The players whose games serve as the source for my chess lessons this year were selected for the purpose of introducing these classic principles to Spokane youth chess players.
Paul Morphy understood, but did not articulate these principles. Akiba Rubinstein has been called the most brilliant proponent of the so-called Steinitz school. We began the school year with Rubinstein, then finished 2012 with Morphy. Now, we move on to Tarrasch. We will conclude the school year with Lasker.
As Rubinstein was developing as a young chess player, he studied Tarrasch's book Dreihundert Schachpartien (1896). The English language edition was published more than a century later. This week's lesson features the final moves of the first game in that book.
Tarrasch,Siegbert - Mendelsohn,Jozsef [A25]
This first move is something that beginners should avoid. Nonetheless, it is not as bad as it looks in the hands of a strong positional player. Even Magnus Carlsen, the world's highest rated player, has played it at least three times, but only in blitz. Tarrasch and his opponent follow an opening scheme that they knew from study of the games played by Adolf Anderssen and Paul Morphy, as Tarrasch points out in the book. Even among top players, White's score with 1.a3 is below average.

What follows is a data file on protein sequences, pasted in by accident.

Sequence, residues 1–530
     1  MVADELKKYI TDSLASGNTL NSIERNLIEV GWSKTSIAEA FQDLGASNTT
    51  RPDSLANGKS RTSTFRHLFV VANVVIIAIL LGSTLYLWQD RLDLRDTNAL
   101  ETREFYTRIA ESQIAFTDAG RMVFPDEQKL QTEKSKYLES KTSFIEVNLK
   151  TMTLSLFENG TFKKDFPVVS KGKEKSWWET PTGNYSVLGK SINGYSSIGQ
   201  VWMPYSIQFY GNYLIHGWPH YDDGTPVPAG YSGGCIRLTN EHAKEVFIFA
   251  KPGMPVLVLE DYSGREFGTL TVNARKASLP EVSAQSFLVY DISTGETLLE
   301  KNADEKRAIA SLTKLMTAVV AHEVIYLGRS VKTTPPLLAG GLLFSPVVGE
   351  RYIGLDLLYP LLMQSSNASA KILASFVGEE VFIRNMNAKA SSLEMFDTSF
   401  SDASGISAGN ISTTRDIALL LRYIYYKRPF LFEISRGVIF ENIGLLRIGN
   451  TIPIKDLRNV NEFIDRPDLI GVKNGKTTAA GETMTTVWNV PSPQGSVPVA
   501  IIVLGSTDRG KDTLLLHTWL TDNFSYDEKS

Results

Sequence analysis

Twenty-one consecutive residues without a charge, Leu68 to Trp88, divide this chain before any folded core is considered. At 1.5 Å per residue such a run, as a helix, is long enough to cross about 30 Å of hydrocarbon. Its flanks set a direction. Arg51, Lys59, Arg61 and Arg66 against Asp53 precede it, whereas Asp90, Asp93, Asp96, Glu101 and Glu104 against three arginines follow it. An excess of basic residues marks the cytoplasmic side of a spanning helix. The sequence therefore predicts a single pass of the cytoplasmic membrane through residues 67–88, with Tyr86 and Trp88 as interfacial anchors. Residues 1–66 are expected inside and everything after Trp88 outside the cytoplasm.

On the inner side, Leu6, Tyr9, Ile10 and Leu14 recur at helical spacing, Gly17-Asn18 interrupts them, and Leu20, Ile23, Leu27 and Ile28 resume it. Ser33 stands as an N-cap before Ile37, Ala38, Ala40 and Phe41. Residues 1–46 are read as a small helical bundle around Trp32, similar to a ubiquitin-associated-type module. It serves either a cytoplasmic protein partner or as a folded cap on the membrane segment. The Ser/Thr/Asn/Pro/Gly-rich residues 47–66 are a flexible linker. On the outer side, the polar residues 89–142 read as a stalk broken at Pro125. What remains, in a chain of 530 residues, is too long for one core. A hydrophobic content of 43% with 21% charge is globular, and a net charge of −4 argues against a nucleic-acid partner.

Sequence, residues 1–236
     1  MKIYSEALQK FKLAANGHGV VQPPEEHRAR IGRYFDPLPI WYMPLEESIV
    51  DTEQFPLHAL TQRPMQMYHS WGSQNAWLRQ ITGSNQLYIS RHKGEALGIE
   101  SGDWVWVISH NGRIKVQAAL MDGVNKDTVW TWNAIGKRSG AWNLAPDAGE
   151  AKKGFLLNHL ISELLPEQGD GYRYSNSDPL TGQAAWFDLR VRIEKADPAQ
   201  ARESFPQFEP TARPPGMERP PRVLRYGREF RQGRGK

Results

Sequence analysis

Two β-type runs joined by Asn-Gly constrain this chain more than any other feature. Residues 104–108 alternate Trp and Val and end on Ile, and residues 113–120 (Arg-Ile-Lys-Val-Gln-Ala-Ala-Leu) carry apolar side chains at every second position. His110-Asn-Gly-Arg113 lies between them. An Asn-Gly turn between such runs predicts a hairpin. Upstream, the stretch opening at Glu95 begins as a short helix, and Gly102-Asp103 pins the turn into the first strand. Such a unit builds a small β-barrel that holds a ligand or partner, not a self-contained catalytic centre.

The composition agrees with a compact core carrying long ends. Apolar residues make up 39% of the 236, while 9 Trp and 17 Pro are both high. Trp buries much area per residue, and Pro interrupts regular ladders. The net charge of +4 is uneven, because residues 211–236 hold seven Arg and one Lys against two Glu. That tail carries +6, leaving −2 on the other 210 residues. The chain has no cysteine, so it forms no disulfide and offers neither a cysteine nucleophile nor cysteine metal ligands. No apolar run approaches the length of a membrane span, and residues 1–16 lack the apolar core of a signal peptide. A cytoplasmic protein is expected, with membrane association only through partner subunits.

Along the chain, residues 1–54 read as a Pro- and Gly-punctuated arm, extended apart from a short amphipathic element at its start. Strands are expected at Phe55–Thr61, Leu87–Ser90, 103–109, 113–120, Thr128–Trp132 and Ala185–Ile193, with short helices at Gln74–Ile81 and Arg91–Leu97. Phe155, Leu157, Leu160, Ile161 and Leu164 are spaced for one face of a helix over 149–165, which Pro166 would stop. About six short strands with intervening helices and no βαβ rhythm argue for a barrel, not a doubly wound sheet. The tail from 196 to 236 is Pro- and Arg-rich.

1...e5 2.c4 Nf6 3.Nc3 Nc6 4.e3 d5 5.cxd5 Nxd5 6.Nf3 Bg4 7.Be2 Nxc3 8.bxc3 f5 9.d4 e4 10.Nd2 Bxe2 11.Qxe2 a6 12.0–0 Bd6 13.Qh5+ g6 14.Qh6 Qf6 15.f4 0–0–0 16.Rb1 Ne7 17.Qh3 h6 18.Nxe4 Qe6 19.Nxd6+ Rxd6 20.Qf3 c6 21.Rf2 g5 22.Rfb2 Rd7 23.Qe2 Rc7
White to move
24.Rxb7 Rxb7 25.Qxa6 Qd7 26.Qa8+ 1–0
As only one club meets this week, the beginning tactics worksheet will be the one given to the Tuesday groups before the holiday. Some players in today's club took it home as homework. See "Lesson of the Week" (19 December 2012) for Beginning Tactics 10.